Putting Education Reform To The Test

At Scott’s Education Summit, A Common Core Counter-Revolt At Table 1

Florida School Boards Association director Wayne Blanton, Miami-Dade Superintendet Alberto Carvalho, and state Sen. Bill Montford debate why they are debating Common Core State Standards.

John O'Connor / StateImpact Florida

Florida School Boards Association director Wayne Blanton, Miami-Dade Superintendet Alberto Carvalho, and state Sen. Bill Montford debate why they are debating Common Core State Standards.

Table 1 was not going to play along.

The organizers of Gov. Rick Scott’s education summit had broken the three-dozen attendees into groups and asked them to write “vision statements” about the Common Core State Standards. The groups would pick and choose their favorite statements

But Table 1 – where two superintendents, the president of the PTA, the head of the Florida School Boards Association, a union leader and state Sen. Bill Montford were seated – thought the exercise was busy work.

It had been three years since Florida adopted Common Core State Standards, which outline what students should know in math and English language arts at the end of each grade. Florida is one of 45 states that have fully adopted the new standards.

In the meantime, Indiana had put implementation of the standards on hold, and other states had second thoughts about the standards. In Florida, too, critics have complained that the standards reduced local control over education and would not improve schools.

But Table 1 was unmoved. Despite complaints from those on the political right and left, the standards were a done deal.

Why were they wasting their time, Table 1 asked?

“I’d rather spend time on other issues,” said Bay County school superintendent Bill Husfelt. “This has already been decided.”

“I think this job is about addressing the naysayers and placating to them,” Husfelt said of the vision statement exercise. “I believe that’s what we’re sitting here doing right now.”

Miami-Dade superintendent Alberto Carvalho agreed. The task reduced the amount of time left to discuss other important matters, such as changes to the state’s formula for grading schools or what standardized test should replace the FCAT. Carvalho was cooking up his own plan for rewriting the school grading formula.

The standards are acceptable to everyone but members of the “radicalized” right and left, he said.

“Anytime those people agree on anything,” he said, “the rest of us, the common sense people, should stay away.”

In the end, Table 1 agreed on a simple statement that accepted the standards and dismissed the controversy surrounding them: “The current standards are appropriate and acceptable.”

Across the room, Common Core critic Laura Zorc said the morning session on the standards went about as well as she expected.

“They’re not even willing to listen to problems that we as parents see with the standards,” said Zorc, who felt outmanned at the summit. “We have two wolves and a lamb and they’ve already decided what’s for dinner.”

But Zorc said she would bring up her concerns with the lawmakers attending the summit.

“Parents are not going to go away just because we have a panel of 35 members here today that say that we’ve already made the decision,” she said, “because the decision is still going to be left up to the parents once we have the opportunity to make it to the polls coming up this next election.”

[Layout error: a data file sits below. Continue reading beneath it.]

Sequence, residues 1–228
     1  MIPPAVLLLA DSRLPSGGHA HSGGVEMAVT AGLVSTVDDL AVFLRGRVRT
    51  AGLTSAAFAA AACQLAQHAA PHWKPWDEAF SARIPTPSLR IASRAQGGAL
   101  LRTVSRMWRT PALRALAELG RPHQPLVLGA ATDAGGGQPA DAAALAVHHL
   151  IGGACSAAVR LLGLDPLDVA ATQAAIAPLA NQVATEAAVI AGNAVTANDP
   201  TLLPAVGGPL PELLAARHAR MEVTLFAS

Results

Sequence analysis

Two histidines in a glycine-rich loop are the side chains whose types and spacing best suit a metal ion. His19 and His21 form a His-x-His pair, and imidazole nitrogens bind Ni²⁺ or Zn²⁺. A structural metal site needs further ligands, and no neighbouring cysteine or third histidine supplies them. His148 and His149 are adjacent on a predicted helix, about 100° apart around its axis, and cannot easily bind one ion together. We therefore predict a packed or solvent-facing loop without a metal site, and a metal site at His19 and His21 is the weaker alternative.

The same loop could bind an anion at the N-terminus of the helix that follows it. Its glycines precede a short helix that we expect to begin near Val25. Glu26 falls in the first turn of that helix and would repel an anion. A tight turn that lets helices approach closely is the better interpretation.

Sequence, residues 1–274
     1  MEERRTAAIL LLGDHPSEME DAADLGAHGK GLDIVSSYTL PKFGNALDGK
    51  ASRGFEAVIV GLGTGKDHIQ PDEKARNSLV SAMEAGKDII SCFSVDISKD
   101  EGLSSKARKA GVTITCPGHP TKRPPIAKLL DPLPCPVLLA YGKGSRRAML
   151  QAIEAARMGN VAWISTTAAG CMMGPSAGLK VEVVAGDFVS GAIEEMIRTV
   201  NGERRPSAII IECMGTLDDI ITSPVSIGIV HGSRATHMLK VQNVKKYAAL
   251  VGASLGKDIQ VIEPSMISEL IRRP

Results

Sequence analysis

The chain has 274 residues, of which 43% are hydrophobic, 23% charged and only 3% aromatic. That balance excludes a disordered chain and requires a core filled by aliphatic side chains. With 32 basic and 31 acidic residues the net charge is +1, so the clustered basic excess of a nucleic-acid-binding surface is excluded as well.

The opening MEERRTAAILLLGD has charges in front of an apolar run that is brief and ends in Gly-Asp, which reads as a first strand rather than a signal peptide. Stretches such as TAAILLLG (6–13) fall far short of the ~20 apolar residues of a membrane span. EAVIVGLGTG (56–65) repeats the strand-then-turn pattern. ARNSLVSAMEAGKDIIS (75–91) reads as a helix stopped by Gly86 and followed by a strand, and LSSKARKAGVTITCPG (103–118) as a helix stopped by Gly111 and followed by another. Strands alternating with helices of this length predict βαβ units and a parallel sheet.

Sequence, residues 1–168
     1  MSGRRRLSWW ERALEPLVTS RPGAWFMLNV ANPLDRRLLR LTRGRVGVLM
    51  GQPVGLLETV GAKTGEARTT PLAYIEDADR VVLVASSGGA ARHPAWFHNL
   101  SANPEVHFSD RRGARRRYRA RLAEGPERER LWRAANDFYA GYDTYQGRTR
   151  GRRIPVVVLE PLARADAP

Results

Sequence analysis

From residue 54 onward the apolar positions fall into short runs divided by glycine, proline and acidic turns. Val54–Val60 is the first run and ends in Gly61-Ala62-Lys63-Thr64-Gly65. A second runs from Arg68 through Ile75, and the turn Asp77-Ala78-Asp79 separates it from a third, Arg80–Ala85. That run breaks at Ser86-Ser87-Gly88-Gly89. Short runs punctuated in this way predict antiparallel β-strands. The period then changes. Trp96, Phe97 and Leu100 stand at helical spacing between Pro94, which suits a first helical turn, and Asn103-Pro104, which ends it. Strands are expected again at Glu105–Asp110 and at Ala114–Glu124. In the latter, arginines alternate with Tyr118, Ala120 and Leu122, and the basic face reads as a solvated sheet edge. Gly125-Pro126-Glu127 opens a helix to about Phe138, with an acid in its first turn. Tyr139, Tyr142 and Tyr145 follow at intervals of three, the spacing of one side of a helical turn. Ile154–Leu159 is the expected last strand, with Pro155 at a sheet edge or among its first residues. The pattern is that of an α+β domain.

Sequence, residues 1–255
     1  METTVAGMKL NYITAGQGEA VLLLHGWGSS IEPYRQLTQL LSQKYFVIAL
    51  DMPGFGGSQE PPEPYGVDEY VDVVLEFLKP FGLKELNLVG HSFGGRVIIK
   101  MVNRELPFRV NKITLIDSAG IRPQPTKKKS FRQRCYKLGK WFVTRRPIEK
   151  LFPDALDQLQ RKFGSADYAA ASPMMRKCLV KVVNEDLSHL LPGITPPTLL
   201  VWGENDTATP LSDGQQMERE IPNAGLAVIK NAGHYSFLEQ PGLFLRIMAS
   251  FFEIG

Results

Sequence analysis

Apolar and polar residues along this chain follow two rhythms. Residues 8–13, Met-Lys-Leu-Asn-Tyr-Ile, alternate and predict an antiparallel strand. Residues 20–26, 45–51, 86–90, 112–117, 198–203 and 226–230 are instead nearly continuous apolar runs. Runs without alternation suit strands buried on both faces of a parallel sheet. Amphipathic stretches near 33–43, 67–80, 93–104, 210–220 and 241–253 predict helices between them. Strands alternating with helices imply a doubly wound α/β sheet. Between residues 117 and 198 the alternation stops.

• Debbie

    Good Job Laura!!!! Remind the parents they have the power at home and at the ballot box.

  • g5club

    As a parent, you are on-the-spot Laura! You are doing a great job!!

    Not every law maker or future candidate is supportive of Common Core. Parents are willing to vote outside the party lines to get rid of Common Core. Those who are in support of the ridiculous CC standards are going to lose their jobs! We are taking names and spreading the word.

    On a side note- I bet NOT one educator or law maker in support of Common Core has taken the high-stakes testing involved. I challenge EACH and EVERY one of them to take the CC high stakes tests and then publish their results so we can all see how they did!!!!

  • Bryan Bouton

    This summit is nothing but a farce; the waste of time that is happening in Clearwater is so egregious that the Governor himself will not attend…YET, we have two members of PEN (a pseudo-organization dedicated to union busting and school privatization) members of the legislature (most of whom voted FOR the mess we are in) and folks from Jeb Bush’s foundation to whore out education…so is it any wonder that the 5 or so participants that actually care for students are nearly as overwhelmed and oppressed as a teacher who worked for Michelle Rhee? This sham needs to be seen for what it is and not for what it portends to be…wake up Florida, before the greed-head ward heelers end up disposing of an entire generation of our young people and driving dedicated teachers out of the profession and leaving the fates of our students to those “two cereal boxtops and a soup label plus $4500″ teachers of TFA who couldn’t find their butt with a searchlight, roadmap, and Sherpa…much less teach a class of teenagers.

  • waytotheright

    Scott is more in tune with the important issues like outlawing glass pipes.

  • ionNMB

    The decision had been made to adopt the Common Core Standards. Why? How are they better? Where have they been implemented successfully?

  • dan

    Common Core is a United Nations NWO communist agenda, Just follow the money. Also educate yourselves on Dewey, Skinner, Bloom and the rest of the behavior modification nut bags! The were all Marxist lovers!

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